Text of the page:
Affordable Care Act regulations have forced health insurers to cancel the policies of an estimated five million Americans. The final number of people who receive cancellation notices could reach seven to 12 million.

These victims of Obamacare are being forced into the new health-insurance exchanges. But the exchanges don’t work. The federal exchange is such a disaster that the administration announced a “tech surge” to get it right—as if the bureaucracy were launching a foreign war.

Despite this, only 106,185 people had “selected” plans in the exchanges through the end of October. And even this number may be optimistic. These people had not yet paid any premiums, so they could pull out of the plans they “selected.”

The president’s characteristic waffling isn’t helping. On Nov. 14, he threw the entire sign-up campaign into chaos with an announcement that the administration would ignore the rules that forced insurers to cancel certain 2013 policies. A few minutes at the presidential podium overturned three years of regulatory rule-making and business planning. As recently as Oct. 30, President Obama was still browbeating the insurance industry, attacking them for selling “bad apple” policies.

Now he wants them to roll over and comply with his presidential edict.

It’s highly unlikely that policy holders will be able to rescue their existing policies as a result of the president’s announcement.

America’s Health Insurance Plans, the industry’s trade association, responded as follows: “Changing the rules after health plans have already met the requirements of the law could destabilize the market and result in higher premiums for consumers. Premiums have already been set for next year based on an assumption of when consumers will be transitioning to the new marketplace.”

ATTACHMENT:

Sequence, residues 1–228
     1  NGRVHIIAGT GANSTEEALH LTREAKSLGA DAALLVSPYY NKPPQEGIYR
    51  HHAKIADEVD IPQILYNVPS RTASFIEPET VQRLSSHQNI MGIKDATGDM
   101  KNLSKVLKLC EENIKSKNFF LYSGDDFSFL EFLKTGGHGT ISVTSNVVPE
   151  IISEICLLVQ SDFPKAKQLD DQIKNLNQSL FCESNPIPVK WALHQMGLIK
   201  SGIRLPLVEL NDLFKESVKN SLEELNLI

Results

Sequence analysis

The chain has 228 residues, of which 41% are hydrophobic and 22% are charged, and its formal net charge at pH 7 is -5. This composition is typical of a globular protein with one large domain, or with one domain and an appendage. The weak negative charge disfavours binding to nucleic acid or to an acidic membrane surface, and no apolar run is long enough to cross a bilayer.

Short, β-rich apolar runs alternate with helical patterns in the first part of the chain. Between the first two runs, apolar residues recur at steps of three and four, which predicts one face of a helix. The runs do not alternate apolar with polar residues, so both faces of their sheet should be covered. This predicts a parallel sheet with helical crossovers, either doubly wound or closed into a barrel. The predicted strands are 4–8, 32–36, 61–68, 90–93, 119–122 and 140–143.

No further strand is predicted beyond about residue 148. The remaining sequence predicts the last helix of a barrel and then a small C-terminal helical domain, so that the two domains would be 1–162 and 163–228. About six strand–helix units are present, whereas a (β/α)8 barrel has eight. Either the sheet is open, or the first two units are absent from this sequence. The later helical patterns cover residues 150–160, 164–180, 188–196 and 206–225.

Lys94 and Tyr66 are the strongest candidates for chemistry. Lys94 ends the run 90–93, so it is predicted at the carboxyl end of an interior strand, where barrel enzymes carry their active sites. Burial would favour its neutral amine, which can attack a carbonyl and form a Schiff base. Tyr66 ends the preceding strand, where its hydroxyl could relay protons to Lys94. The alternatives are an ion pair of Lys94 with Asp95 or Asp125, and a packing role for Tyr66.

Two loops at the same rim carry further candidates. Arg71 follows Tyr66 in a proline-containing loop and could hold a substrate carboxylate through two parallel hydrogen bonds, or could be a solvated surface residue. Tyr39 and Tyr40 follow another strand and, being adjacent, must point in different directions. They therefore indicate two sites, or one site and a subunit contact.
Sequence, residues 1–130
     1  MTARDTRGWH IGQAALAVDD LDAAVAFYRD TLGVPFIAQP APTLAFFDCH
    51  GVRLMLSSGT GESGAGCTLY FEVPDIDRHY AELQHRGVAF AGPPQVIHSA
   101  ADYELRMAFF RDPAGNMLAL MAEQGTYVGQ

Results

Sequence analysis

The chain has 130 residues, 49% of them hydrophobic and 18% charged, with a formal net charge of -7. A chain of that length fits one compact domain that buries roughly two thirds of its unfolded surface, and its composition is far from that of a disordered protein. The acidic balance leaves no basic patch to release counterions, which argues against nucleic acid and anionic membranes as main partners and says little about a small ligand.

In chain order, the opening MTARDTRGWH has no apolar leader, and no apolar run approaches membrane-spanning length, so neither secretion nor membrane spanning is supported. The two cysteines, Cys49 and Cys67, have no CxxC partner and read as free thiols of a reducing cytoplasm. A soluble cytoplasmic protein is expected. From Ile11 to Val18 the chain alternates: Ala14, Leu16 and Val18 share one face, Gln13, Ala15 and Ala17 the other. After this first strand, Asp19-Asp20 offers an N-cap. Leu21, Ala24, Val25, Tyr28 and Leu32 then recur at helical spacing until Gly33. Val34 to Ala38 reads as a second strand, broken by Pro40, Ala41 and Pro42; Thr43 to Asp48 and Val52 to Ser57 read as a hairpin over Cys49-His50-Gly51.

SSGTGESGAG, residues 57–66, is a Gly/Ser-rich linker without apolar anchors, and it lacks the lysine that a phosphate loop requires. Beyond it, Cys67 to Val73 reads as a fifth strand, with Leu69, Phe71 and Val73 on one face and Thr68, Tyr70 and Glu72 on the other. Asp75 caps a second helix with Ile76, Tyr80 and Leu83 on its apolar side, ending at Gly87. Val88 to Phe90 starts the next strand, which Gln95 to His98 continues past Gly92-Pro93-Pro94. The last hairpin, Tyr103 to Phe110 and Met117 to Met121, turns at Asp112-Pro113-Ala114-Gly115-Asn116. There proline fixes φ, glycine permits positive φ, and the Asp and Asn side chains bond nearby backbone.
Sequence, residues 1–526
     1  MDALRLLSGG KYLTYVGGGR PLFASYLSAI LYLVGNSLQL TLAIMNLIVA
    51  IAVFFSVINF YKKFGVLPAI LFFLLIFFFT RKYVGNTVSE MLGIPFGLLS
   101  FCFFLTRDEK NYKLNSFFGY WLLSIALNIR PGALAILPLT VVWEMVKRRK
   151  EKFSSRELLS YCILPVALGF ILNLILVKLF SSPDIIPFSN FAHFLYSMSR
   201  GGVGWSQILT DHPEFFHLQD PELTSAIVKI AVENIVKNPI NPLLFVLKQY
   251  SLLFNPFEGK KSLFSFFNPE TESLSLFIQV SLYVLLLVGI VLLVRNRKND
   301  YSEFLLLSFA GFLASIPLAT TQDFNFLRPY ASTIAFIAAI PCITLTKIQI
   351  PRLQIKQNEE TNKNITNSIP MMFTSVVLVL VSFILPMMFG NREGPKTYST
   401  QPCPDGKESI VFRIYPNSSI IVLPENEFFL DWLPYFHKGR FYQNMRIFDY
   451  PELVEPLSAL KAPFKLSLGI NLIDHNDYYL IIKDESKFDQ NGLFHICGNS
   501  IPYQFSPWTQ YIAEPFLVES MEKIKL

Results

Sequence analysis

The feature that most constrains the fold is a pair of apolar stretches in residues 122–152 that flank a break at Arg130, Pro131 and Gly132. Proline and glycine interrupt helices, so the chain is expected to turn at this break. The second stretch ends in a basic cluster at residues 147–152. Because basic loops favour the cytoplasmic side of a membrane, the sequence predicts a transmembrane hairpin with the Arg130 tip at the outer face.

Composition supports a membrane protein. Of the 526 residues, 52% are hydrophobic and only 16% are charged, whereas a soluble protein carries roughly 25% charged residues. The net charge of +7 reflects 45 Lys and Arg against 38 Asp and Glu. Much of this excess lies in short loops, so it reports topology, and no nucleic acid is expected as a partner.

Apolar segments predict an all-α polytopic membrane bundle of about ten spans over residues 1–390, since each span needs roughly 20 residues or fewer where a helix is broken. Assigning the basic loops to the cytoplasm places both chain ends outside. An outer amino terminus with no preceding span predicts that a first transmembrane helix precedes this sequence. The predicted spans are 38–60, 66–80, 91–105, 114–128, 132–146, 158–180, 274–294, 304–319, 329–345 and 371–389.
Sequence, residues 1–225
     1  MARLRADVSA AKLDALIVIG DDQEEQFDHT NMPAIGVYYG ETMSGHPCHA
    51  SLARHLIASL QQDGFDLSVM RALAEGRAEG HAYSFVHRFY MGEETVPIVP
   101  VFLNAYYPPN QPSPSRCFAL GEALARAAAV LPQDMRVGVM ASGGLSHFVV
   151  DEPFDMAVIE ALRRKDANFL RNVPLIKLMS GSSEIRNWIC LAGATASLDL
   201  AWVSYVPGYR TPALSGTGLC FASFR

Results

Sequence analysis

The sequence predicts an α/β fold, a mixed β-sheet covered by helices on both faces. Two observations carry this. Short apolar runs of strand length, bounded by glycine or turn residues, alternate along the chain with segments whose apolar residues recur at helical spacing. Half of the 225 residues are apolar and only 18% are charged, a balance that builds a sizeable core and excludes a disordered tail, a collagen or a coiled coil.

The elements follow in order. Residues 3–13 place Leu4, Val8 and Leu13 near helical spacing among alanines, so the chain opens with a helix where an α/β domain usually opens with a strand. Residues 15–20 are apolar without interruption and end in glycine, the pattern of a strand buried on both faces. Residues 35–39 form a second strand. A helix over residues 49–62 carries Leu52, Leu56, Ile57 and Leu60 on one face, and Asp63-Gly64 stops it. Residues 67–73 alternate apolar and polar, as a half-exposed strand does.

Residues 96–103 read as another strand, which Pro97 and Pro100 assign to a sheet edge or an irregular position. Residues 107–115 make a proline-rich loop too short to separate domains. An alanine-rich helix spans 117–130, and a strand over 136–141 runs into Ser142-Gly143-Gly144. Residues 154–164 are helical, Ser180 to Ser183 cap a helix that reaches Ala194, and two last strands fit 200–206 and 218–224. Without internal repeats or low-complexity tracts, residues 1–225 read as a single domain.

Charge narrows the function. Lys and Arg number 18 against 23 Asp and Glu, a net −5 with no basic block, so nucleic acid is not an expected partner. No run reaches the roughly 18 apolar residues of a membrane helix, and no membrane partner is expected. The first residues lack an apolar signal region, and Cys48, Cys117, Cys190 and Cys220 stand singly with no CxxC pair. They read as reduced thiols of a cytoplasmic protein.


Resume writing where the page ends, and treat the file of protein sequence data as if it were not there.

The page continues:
The National Association of Insurance Commissioners said, “This decision continues different rules for different policies and threatens to undermine the new market, and may lead to higher premiums and market disruptions in 2014 and beyond.”

And the American Academy of Actuaries added: “Changing the ACA provisions could alter the dynamics of the insurance market, creating two parallel markets operating under different rules, thereby threatening the viability of insurance markets operating under the new rules.”

Washington State Insurance Commissioner Mike Kreidler, an enthusiastic Obamacare supporter, re-iterated his commitment to outlaw the older policies.

Until Nov. 14, a majority of the states resisted the President by declining to implement Obamacare exchanges. Now they’re being joined by other states that are resisting the president by insisting on implementing Obamacare.

The old system, whatever its many flaws, had at least one benefit: State insurance laws were written in stone, regulated by insurance commissioners, and enforced—when necessary—by judges and juries in state courts.

Today: Who knows exactly what prevails? State insurance laws, the Affordable Care Act, or the president’s press conference command?

The bottom line is that the president has created a sort of Wild West for health insurance, where an increasing number of Americans don’t know whether they’ll be covered in 2014 or not. These millions were not supposed to be the victims of Obamacare. The law was meant to punish those who choose not to buy health insurance, not those who have taken responsibility for paying their medical costs.

Edie Sundby of San Diego is one of the potential victims: Obamacare requirements forced her health insurer, which already had spent some $1.2 million on her treatment for a rare cancer, to cancel her policy. She, and thousands like her, now see their health being threatened by the very law intended to “fix” the health-care system.

Alternative reform exists: As John C. Goodman suggests in his recent book, “Priceless: Curing the Healthcare Crisis,” instead of increasing the complexity and fragmentation of health insurance, the alternative is to give every American a “refundable” tax credit to purchase the health insurance policy that best suits his or her needs—not that of his employer, his union, or the politicians.

It may be too late to avert a crisis in 2014. But in years to come, politicians have a duty to consider this alternative—and ensure the crisis is never repeated.